List's influence continued to grow and attract distinctive members after the official founding of the society in 1908. From 1908 through to 1912, new members included the deputy Beranek[disambiguation needed] (co-founder of the "Bund der Germanen" in 1894), Philipp Stauff (a Berlin journalist and later a founding member of the Germanenorden), Franz Hartmann (a leading German theosophist), Karl Heise (a leading figure in the vegetarian and mystical Mazdaznan cult at Zürich), and the collective membership of the Vienna Theosophical Society.

As the list demonstrates, the growth of nationalism within Germany during the late 19th to early 20th century, culminating in the Third Reich of Nazi Germany, provided an ideal audience of people who were already predisposed to accept List's ideas and unidentifiable personal gnosis of the Armanen way. The register shows that List's ideas were acceptable to many intelligent persons drawn from the upper and middle classes of Austria and Germany. So impressed were they that these men were prepared to contribute ten crowns as an annual society subscription. The main part of the Society's assets derived from the Wannieck family, which put up more than three thousand crowns at the Society's inauguration.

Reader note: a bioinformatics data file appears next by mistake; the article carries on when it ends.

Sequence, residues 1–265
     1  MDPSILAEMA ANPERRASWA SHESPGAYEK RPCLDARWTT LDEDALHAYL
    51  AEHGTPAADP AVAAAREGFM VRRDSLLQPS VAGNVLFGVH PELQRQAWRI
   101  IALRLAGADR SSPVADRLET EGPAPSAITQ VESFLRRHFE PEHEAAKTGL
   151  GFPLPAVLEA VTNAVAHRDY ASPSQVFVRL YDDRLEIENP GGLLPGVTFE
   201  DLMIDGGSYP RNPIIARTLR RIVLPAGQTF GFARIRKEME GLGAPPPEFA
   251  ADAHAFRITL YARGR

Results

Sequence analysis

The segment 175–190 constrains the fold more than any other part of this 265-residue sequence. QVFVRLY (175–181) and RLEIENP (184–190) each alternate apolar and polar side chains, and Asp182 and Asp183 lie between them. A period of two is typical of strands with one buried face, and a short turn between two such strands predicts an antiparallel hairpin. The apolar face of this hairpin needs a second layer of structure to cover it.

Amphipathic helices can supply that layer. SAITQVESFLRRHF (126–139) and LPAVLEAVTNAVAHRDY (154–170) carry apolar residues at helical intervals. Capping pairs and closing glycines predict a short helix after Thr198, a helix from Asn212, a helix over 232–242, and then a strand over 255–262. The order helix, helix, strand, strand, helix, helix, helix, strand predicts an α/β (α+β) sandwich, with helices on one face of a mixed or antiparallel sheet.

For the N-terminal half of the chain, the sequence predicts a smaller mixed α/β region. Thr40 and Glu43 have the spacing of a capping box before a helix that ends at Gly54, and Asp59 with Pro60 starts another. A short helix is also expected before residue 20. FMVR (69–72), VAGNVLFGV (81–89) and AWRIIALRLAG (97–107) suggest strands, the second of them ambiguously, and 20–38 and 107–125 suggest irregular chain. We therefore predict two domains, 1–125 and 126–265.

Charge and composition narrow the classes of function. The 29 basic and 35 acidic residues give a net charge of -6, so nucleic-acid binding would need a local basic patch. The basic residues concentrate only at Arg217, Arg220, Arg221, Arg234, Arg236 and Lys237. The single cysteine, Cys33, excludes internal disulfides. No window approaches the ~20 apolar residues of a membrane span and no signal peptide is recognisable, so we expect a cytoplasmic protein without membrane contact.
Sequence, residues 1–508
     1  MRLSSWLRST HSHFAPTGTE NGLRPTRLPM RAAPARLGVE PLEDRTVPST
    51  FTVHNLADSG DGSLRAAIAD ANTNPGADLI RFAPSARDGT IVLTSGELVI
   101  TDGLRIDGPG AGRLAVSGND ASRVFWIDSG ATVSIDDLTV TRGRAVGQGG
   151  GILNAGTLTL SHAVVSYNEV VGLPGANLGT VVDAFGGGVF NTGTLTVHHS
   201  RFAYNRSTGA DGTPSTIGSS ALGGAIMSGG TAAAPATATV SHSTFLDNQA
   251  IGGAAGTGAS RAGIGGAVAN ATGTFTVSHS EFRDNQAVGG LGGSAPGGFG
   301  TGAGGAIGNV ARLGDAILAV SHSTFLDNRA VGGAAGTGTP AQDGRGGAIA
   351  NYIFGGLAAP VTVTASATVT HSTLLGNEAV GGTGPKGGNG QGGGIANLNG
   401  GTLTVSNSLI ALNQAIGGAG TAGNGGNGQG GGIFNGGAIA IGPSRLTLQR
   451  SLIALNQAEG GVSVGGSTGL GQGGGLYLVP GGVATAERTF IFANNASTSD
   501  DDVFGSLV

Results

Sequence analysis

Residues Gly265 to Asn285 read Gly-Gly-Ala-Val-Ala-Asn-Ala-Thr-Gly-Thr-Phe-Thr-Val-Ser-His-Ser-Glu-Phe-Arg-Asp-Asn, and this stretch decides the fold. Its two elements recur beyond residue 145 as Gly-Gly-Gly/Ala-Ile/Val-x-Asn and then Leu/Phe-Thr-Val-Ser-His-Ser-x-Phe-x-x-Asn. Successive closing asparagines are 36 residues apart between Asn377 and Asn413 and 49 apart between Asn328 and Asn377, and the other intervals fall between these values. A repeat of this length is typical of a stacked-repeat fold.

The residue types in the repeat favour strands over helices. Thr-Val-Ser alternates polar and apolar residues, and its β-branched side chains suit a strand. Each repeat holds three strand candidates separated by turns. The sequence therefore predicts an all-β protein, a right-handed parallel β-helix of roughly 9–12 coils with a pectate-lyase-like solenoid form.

The Society's inner circle was called the High Armanen Order or Hoher Armanen Orden.

Quotes by List

"One must flee those places where life throbs and seek out lonely spots untouched by human hand in order to lift the magic veil of nature" (Deutsch-Mythologische Landschaftsbilder, 1st volume, p. 125.)